As the owner of your business it is your responsibility to ensure your staff have everything they need to maintain focus, productivity and engagement at work. They need to know what their job is, how to do this job, and what that job looks like when it has been successfully completed. They need to have a sense of pride and ownership in their work so they experience some kind of reward when they have done the job well. For you as their boss, this means providing instructions that are without ambiguity, and then releasing your staff to autonomy in following those instructions. Performance should be reviewed regularly and accountability measures must be built into the process of completing the job. It’s hard to say which is more frustrating for your staff: Being micromanaged to the point of suffocation, or being given so much rope that they end up hanging themselves on your absence of leadership. Management is a fine art to master, but it’s a lever that is proven to create game changing outcomes if it is pressed in just the right way.


What To Do When Your Business Is Running You


For years I have been in one business or another. I started out selling vacuum cleaners door to door, which then took my husband and I to a Godfreys franchise, then our own small appliance repair centre, then we moved our operations to online retail, selling vacuum cleaner spare parts online from several different platforms as we outgrew each one. Along the way I became a teacher too, graduating with honours and moving to work in primary schools, high schools, and special ed. This opened opportunities for me to  train beginning teachers at university level too. I have been a busy girl! For as long as I can remember I have managed multiple pots on the boil and made progress in it all by committing first to excellence in management. Our time is our most precious resource.

When you are run off your feet chasing your business around, It is time to put yourself back in the driver’s seat.

So many business people struggle with the management of their work and run themselves ragged trying to keep their thumb in all of the different business pies at once. When people say they are having trouble running their business, what they really need is to learn how to streamline their daily management processes. It is important to realise that problems with the running of the business will affect lead generation, sales, cash flow and staffing. It is easy to jump the gun at this point and think that better staff, more money or more work will solve the problem, but let me tell you from experience that chasing these fixes will be a recipe for disaster. Business management is the umbrella that holds it all together and this is where the gains need to be made. Here are some key aspects of successful business management that will help you through:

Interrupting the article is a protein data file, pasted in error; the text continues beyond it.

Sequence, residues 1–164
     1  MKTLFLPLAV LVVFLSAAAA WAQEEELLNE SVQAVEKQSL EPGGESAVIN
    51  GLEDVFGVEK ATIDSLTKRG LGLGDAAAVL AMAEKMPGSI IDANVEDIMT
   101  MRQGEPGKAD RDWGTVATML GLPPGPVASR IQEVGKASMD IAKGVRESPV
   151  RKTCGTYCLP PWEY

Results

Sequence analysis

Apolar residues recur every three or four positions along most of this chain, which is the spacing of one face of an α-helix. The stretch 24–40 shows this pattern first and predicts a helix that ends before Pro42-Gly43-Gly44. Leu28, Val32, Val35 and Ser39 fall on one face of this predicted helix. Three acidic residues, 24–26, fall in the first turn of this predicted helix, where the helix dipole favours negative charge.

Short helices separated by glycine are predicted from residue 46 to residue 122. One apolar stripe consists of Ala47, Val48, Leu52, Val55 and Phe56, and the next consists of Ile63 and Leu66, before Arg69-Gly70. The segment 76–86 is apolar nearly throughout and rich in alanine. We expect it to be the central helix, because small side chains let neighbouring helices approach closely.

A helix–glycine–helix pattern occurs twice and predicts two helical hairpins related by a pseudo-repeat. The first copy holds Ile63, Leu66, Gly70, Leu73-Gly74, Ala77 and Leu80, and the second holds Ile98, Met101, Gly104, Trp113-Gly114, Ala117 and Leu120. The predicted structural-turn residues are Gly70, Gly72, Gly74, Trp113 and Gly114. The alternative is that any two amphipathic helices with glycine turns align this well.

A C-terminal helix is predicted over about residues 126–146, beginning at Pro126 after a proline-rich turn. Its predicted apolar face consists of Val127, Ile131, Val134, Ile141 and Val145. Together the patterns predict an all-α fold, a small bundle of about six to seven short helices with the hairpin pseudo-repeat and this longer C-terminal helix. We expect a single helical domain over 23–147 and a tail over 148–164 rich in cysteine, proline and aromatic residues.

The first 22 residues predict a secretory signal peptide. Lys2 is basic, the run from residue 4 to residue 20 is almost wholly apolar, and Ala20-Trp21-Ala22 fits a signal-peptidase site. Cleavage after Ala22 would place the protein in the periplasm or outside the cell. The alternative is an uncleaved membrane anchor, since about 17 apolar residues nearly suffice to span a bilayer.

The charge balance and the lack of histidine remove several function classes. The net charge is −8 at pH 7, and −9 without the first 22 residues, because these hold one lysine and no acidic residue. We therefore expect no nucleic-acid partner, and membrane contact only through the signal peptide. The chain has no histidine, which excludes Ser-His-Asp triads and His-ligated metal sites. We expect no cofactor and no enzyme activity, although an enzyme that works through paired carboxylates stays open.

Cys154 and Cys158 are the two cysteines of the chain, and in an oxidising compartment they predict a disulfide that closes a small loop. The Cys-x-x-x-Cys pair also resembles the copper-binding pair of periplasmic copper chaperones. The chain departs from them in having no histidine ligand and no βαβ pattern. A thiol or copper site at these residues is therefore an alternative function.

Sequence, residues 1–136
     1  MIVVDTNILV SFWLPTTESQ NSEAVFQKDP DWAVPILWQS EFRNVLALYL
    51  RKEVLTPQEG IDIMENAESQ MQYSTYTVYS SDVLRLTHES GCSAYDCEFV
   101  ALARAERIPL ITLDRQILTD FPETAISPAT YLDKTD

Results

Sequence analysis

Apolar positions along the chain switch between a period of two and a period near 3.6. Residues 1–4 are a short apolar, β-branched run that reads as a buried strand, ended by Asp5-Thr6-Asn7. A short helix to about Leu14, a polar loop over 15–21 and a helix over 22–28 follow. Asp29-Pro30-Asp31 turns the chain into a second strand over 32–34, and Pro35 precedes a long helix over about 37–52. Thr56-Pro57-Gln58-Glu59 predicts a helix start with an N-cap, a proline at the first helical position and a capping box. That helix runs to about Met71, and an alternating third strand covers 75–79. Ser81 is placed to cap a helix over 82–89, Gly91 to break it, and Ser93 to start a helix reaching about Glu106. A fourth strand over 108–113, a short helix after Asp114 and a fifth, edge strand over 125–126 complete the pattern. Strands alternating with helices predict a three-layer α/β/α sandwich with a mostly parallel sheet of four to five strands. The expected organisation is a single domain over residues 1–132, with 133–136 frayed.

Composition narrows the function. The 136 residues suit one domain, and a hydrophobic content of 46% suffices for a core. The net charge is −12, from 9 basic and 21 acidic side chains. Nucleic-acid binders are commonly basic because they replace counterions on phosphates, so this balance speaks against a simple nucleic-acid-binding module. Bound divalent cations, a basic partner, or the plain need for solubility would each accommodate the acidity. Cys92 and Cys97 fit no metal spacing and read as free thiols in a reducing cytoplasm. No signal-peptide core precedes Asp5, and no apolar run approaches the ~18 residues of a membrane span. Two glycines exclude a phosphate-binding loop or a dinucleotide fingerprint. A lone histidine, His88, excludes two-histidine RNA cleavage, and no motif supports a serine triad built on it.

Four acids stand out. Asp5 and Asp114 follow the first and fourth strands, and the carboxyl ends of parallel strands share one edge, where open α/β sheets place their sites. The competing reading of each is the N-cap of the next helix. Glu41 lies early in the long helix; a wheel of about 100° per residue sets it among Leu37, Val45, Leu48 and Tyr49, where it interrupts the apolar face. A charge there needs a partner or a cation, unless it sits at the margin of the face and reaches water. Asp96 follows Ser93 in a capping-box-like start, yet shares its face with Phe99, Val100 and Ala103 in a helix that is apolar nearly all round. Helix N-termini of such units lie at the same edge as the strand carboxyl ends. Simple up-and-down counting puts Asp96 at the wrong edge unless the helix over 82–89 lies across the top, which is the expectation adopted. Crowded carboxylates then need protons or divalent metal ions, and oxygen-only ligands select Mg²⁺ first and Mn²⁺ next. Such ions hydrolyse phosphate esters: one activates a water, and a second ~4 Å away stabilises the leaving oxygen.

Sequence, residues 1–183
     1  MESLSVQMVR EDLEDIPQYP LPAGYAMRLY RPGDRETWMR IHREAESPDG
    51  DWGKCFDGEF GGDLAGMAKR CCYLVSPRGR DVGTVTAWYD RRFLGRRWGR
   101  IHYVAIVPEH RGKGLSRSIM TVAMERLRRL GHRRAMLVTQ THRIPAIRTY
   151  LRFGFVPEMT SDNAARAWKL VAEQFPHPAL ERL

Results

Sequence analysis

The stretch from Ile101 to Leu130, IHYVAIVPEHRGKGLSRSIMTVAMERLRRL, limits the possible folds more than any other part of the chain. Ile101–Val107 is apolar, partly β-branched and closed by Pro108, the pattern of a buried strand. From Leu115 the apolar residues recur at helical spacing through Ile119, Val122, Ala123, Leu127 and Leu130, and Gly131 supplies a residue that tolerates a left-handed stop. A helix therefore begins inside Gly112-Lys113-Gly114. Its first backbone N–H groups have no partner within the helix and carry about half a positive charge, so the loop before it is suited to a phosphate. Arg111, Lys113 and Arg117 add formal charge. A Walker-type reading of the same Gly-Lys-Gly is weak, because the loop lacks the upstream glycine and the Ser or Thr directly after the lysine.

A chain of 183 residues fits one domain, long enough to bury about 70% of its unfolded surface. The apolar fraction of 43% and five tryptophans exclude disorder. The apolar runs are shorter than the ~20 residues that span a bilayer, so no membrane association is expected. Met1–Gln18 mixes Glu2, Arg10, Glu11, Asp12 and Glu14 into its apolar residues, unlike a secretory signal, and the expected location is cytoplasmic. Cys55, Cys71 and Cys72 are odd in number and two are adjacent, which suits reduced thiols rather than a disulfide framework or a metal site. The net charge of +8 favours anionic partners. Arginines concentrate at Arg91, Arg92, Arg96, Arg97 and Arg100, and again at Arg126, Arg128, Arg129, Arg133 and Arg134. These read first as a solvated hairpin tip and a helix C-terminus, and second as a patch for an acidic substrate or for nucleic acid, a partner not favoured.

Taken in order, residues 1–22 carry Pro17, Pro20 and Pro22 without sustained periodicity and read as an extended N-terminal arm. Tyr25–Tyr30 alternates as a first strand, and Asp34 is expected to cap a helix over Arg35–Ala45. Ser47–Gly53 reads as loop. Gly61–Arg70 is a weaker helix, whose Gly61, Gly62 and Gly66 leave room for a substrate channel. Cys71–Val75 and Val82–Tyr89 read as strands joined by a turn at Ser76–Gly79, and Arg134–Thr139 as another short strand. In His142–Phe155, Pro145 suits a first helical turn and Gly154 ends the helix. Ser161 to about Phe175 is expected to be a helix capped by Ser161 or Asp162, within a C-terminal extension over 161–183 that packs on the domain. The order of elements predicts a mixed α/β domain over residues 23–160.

FOCUS: Clarify the one thing you do in your business, and direct all your resources to that end. Time. Money. Physical resources. If you sell widgets, then your business is selling widgets. It’s not writing about selling widgets or telling people you sell widgets. Advertising, marketing and promotions are all vital for you to sell those widgets, but they are not your business. Keep the horse in front of the cart.

CLARIFY: Get rid of all peripheral activities. Clear your calendar of unnecessary appointments and abort projects that don’t get you where you want to be going. Unsubscribe all irrelevant emails and clean up your work space. If you are brave enough you might even consider detoxing your social circle by making choices to spend the most time with the people who contribute to your growth and well being.

CREATE ROUTINES: A big portion of your work is repetitive and like the proverbial “women’s work”, it is never done. Set your morning routine by creating a checklist of all of the ongoing tasks that will always need to be attended to. Jobs like email management, social media notifications, phone messages, opening mail etc can be done in a super fast daily routine if you have a list you work every morning to clear your mind and your desk.

GROUP TASKS: Most of the tasks you do are similar or the same in nature. Group them together and allocate a set time for them. Monday mornings for me are pays, accounting, super, bills and invoicing. Monday afternoons are for writing my blog, guest blogging for others and creating social media posts. This means I only do those tasks on those days or at the allocated time. This approach can be applied to content creation, filing, development of promotions and advertising, and meetings.

DOCUMENT: Invest time in creating detailed manuals for the repetitive tasks you do. These should be complete with every step of the task and screen shots or photos. Do Not Miss One Step. Every login, mouse click, and field to complete must be included. These documents will allow you to get help from someone else sooner rather than later. Better than this though, they will eventually become the comprehensive documentation that adds immeasurable value to a future buyer of your business. Make these as you go, right then and there, to make your connection with the job authentic.

SYSTEMISE: There are software programs, apps, and websites that will take care of many tasks you might be doing manually right now. Advance schedule emails, social media posts, and reminders with software. Put everything in the calendar you carry around with you in your phone. Everything. Organize your workflow with project software and manage your data storage and sharing with cloud tools. Do your accounting, pay your bills, and even manage your health and well being with apps that lead the way for you.  It’s time to move towards new ways of managing your work.